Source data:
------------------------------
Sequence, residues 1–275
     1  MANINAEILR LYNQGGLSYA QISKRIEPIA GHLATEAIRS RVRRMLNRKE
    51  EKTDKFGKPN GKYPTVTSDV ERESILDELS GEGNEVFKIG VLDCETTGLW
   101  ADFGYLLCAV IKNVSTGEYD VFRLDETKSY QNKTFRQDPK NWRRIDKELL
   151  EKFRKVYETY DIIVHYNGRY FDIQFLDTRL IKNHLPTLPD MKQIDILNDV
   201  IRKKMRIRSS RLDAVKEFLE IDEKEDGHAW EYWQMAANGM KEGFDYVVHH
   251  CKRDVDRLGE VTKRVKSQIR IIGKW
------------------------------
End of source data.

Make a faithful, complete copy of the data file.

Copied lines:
Sequence, residues 1–275
     1  MANINAEILR LYNQGGLSYA QISKRIEPIA GHLATEAIRS RVRRMLNRKE
    51  EKTDKFGKPN GKYPTVTSDV ERESILDELS GEGNEVFKIG VLDCETTGLW
   101  ADFGYLLCAV IKNVSTGEYD VFRLDETKSY QNKTFRQDPK NWRRIDKELL
   151  EKFRKVYETY DIIVHYNGRY FDIQFLDTRL IKNHLPTLPD MKQIDILNDV
   201  IRKKMRIRSS RLDAVKEFLE IDEKEDGHAW EYWQMAANGM KEGFDYVVHH
   251  CKRDVDRLGE VTKRVKSQIR IIGKW